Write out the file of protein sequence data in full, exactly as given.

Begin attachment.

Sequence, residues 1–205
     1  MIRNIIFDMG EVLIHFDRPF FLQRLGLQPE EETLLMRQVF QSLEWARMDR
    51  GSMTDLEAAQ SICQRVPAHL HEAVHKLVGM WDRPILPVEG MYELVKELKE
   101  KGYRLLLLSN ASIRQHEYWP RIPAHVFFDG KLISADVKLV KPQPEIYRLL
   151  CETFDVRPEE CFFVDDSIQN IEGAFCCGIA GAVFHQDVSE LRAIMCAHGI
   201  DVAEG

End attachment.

Sequence, residues 1–205
     1  MIRNIIFDMG EVLIHFDRPF FLQRLGLQPE EETLLMRQVF QSLEWARMDR
    51  GSMTDLEAAQ SICQRVPAHL HEAVHKLVGM WDRPILPVEG MYELVKELKE
   101  KGYRLLLLSN ASIRQHEYWP RIPAHVFFDG KLISADVKLV KPQPEIYRLL
   151  CETFDVRPEE CFFVDDSIQN IEGAFCCGIA GAVFHQDVSE LRAIMCAHGI
   201  DVAEG